Thanks again for all the help, and the warm welcome!
#10
Wow, that's a great deal!

Just out of curiosity, what is the song?
#11
The song is 'The Hunt' by Tommy Emmanuel... great song, overall it's got some intermediate chord, and chord changes... but the two riffs in the are what get me... you'll see how fast they are. So I've mainly been practicing those.
#12
1 year isn't actually that much time. I don't think my callouses got the to point where my fingers didn't hurt enough to bother me until about... 1.5 years? My fingers will still get a little sore after a long 3 or 4 hour session, but not enough to bother me. I don't think anyone ever really stops feeling sore(if you play a real long time). You're rubbing your finger against metal, so it's to be expected.

Getting a low set-up guitar would also help to releviate your soreness. The lower your strings are, the lighter you can push in order to fret properly.
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#14
Quote by jimtaka
^-- Is the S&P Folk the model with the solid cedar top?

Some times using Finger ease keeps the finger tips from forming calouses, which can be a cause of pain. Contrare to what some think.
Before you go to a lighter gage always check the set up or string height at the 12th fret from the bottom of the 6th string to the top of the fret a good starting point .
Check to see if the Neck has a bow in it. like a horses back. The steel truss rod can adjust to take out excessive height. A comfortable playing guitar is more fun to play and will allow your skills to shine throught. As far as tone will go. If you can play, tone does not matter, most listerners don't have a clue about tone. You can always eventually work on tone over time.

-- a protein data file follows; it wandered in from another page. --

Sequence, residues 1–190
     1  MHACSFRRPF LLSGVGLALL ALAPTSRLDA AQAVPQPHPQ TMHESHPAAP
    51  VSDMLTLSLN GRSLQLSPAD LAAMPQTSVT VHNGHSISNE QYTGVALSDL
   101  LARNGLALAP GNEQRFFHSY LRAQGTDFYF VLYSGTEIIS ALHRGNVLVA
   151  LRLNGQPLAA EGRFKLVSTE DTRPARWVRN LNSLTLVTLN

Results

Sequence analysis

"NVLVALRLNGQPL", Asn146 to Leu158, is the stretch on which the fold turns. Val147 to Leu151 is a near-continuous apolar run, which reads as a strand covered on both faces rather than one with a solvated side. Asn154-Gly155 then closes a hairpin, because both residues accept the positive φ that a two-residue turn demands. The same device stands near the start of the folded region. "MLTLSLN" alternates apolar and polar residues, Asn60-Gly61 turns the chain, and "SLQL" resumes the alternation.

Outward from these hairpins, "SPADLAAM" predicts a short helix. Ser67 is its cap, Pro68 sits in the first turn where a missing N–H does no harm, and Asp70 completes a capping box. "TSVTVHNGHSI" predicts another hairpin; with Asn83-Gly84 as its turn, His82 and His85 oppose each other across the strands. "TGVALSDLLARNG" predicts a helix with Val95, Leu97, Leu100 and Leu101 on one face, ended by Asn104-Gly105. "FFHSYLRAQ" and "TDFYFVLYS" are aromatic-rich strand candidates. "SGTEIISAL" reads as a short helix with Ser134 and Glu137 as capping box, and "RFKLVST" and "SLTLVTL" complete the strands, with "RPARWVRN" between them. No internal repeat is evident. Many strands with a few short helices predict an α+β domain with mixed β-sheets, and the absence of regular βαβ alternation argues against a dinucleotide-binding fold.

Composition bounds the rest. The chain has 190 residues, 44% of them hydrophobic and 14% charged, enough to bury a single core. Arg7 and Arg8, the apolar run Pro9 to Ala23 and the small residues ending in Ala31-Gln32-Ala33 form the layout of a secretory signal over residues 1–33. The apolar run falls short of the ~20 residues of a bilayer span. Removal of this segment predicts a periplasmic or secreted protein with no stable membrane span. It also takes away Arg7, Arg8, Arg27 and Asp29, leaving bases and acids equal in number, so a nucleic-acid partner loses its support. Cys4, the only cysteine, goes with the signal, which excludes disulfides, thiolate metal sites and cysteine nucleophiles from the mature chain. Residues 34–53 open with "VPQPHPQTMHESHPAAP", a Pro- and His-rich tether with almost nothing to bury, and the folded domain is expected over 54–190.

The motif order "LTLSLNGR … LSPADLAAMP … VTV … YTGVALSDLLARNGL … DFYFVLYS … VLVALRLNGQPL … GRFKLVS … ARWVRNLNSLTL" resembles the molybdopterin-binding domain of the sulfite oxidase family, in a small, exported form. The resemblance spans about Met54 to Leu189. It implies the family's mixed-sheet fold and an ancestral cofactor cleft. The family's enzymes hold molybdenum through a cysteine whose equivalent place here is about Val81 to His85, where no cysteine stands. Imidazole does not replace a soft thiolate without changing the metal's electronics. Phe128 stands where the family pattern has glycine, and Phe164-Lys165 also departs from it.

http://thbecker.net/guitar_playing/guitars_and_setup/setup_page_01.html
Go to this side for proper set up techniques anyone can do.
Also anyone that is a play needs to know their instrument this is all cases, do not be ignorant about your tool of trade.
Witch doctor
#15
if you change the strings and things still hurt for your fingers, your action could be abnormally high which causes the pain.

it seems though, it has to do with your strings and not the action. it's just another thing to think if it doesn't solve the problem.
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#16
Witchdoctor... Why did you quote my post? It doesn't look like anything you wrote is related to or in response to anything I said in that post, or any of my posts actually.
#17
Yeah, you can always go for .10s, which is what I have on my guitar...some people don't like them for a bunch of different reasons, and some people do, it's just subjective. However, if your action is high or if your neck is bowed, then that would make your guitar much more difficult and painful to play...really, a well setup guitar can make all the difference. so you should check your action and neck bow.